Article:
This event was organised jointly by UKOLN and the National e-Science Centre (NESC) . Liz Lyon, Director of UKOLN, gave the introduction, reminding us that this was the second UKOLN-NESC workshop. The first happened about a year ago, bringing together the digital library and Grid computing communities for the first time. The presentations were as follows:
- Building a Semantic Infrastructure - David De Roure
- Why Ontologies? - Jeremy Rogers
- Publishing and Sharing Schemas - Rachel Heery and Pete Johnston
- Implementing Ontologies in (my)Grid Environments - Carole Goble
- Knowledge Organisation Systems - Doug Tudhope
- Concluding Remarks - Carole Goble
In his introductory talk, Building a Semantic Infrastructure, Professor David De Roure of the University of Southampton, provided a history lesson at a gallop on the Grid and the Semantic Web. He began by attempting to dispel the myth that the Grid is all about huge amounts of data, high bandwidth and high performance computing. This is no longer true. Science is a ‘team sport’, and the Grid facilitates this. What the Grid is really about is resource sharing and coordinated problem solving in dynamic, multi-institutional virtual organisations. He referred to the Open Grid Services Architecture (OGSA). The old problem was lots of different computers; the new problem is lots of resources of various types. The holy grail is semantic interoperability, and the domain is not only research, but encompasses e-learning also.
Professor De Roure quoted Tim Berners-Lee on the Semantic Web: ‘The Semantic Web will be a space in which data can be processed by automated tools as well as people.’
He presented a 7-layer architecture of the Semantic Web:
XML + Namespace
He then went on to spend some time describing OWL (‘Web Ontology Language’, which spells OWL, he reminded us, in the same way that Owl in Winnie the Pooh spelt his own name). He posed two critical questions:
1. Where will the metadata come from?
2. Where will the ontologies come from?
The answer must involve collaboration between the digital library and knowledge representation communities.
Moving on to the Semantic Grid, the core problem was quoted as being the need for flexible, secure, coordinated resource sharing among dynamic collections of individuals, institutions and resources. Metadata is crucial to the Semantic Grid. He went on to present a useful diagram showing the Semantic Grid as being both highly based in computation and highly dependent on semantic technologies.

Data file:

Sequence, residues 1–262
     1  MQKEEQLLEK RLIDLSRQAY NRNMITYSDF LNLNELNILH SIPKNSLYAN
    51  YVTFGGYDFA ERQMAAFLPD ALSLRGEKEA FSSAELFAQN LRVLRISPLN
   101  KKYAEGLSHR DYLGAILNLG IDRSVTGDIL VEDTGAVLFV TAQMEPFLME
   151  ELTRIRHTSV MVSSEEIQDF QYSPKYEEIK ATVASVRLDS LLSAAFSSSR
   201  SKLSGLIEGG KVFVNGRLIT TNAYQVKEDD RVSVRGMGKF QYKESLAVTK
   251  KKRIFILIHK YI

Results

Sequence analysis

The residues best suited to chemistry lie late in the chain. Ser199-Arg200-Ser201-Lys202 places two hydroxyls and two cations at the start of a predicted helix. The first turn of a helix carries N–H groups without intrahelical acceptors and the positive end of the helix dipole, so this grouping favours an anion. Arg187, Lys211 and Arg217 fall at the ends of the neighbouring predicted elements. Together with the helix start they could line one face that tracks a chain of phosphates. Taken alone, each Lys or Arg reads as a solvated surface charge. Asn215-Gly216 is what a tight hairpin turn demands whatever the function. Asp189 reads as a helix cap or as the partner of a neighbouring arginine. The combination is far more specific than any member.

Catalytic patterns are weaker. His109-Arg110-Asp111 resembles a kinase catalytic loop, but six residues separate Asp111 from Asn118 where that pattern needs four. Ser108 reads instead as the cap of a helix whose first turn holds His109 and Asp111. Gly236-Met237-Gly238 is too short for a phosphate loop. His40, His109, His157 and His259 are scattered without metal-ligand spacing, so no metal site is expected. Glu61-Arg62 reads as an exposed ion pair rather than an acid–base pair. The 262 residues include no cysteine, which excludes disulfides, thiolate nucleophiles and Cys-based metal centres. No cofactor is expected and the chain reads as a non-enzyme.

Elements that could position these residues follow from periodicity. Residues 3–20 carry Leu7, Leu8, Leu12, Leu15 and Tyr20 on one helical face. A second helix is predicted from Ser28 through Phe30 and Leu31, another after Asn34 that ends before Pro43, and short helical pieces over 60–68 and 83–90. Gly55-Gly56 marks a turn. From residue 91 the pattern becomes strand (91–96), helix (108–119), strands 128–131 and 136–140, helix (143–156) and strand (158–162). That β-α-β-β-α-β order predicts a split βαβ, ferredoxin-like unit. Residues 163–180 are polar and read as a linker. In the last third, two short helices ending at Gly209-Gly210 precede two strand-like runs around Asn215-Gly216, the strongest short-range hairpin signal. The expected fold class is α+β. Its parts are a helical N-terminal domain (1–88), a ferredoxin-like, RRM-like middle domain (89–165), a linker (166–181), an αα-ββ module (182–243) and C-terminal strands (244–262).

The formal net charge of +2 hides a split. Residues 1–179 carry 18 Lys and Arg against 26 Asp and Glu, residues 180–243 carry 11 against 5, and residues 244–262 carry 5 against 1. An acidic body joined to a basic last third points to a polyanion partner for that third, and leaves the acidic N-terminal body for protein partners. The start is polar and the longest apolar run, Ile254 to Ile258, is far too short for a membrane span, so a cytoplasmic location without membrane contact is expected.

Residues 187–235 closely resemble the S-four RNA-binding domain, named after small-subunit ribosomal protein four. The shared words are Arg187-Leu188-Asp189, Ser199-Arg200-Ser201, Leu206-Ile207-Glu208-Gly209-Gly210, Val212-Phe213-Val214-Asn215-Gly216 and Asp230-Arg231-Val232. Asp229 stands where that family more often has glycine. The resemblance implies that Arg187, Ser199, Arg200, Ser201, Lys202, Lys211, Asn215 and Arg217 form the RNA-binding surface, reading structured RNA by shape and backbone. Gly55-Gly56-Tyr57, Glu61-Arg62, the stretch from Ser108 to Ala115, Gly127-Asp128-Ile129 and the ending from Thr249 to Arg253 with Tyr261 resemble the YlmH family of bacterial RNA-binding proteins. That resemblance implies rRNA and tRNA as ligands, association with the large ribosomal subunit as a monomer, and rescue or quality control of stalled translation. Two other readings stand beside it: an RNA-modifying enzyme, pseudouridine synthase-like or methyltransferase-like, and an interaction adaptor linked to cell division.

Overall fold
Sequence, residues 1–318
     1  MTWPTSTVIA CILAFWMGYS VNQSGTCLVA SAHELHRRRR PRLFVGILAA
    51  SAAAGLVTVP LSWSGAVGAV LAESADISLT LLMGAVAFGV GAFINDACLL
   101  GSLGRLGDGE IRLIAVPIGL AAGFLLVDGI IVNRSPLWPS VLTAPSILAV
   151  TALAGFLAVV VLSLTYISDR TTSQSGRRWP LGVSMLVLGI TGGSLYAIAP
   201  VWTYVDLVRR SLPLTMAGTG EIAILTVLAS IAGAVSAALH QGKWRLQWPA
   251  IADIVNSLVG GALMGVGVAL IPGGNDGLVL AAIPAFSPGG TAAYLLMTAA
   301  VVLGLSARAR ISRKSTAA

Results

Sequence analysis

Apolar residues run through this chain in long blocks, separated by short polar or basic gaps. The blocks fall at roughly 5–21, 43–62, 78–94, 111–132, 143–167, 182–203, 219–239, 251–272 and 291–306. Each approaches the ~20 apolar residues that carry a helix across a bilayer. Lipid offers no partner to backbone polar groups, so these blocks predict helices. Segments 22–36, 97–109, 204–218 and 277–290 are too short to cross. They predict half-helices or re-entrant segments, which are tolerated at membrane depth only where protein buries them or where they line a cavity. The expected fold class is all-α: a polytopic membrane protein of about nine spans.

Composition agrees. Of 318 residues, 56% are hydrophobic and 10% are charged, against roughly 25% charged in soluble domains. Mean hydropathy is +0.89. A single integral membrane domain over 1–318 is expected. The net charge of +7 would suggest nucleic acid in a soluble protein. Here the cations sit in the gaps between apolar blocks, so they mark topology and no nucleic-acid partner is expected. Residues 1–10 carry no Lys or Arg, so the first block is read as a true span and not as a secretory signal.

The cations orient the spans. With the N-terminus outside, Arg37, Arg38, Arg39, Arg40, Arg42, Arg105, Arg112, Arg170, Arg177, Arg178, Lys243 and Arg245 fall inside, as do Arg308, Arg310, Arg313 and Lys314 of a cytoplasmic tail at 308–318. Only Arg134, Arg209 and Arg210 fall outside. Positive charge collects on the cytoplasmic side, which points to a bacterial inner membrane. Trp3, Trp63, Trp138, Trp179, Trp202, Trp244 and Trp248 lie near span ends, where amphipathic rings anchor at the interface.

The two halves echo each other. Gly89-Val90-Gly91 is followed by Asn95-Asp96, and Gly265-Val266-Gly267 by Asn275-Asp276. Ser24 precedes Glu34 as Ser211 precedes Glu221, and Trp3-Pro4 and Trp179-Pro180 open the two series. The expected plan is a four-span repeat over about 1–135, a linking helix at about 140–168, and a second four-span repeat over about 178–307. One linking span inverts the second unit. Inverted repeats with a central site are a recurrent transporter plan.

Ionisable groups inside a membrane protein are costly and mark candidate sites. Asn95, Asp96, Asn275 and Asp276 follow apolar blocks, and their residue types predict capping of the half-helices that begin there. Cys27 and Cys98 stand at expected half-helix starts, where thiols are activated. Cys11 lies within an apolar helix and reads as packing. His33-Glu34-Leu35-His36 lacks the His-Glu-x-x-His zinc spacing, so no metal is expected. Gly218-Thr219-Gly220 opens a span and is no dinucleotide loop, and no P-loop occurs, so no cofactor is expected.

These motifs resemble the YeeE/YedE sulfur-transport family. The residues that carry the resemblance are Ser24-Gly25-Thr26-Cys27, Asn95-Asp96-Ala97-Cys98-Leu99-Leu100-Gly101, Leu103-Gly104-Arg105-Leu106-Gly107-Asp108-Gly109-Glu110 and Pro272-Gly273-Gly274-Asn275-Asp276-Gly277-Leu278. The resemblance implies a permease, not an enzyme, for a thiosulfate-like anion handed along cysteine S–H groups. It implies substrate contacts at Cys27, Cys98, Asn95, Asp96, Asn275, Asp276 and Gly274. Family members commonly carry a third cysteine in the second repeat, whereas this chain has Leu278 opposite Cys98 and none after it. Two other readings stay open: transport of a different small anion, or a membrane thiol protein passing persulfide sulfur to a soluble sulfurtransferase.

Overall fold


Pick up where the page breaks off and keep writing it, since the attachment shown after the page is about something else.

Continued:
Figure 1: Convergence of Grid and Web
Web and Grid convergence is now the leading edge of the discourse. He concluded by saying that the goal is to accelerate the scientific process and not just scientific computation: this is the reward which will motivate the Semantic Grid.
Dr Jeremy Rogers of the University of Manchester then gave an excellent presentation from the perspective of medical informatics, on the topic Why Ontologies? His e-Science project is called CLEF ), which has the goal of extracting text from clinicians’ descriptions of patient cases, and using ontologies to make deductions from these. He began by describing the differences between quantitative and qualitative data, giving examples from medicine. The history of description in medicine is approximately 400 years old. A publication called the London Bills of Mortality appeared every Thursday from 1603 until the 1830s. In the 1860s, William Farr took these Bills and attempted to regularise them, which in time became the International Classification of Diseases. Librarians entered the picture in 1900 with MeSH, and Elsevier arrived with EmBase in the 1950s. There are now many different medical classifications, and many projects trying to address the problems with them. Two of the largest and most comprehensive schemes are SNOMED and UMLS (which has 1.8m different medical concepts). To illustrate the rate at which descriptions of diseases and conditions are growing, Jeremy informed us that between 1972 and 1999 the number of possible descriptions of pedal cycle accidents grew from 8 to over 900.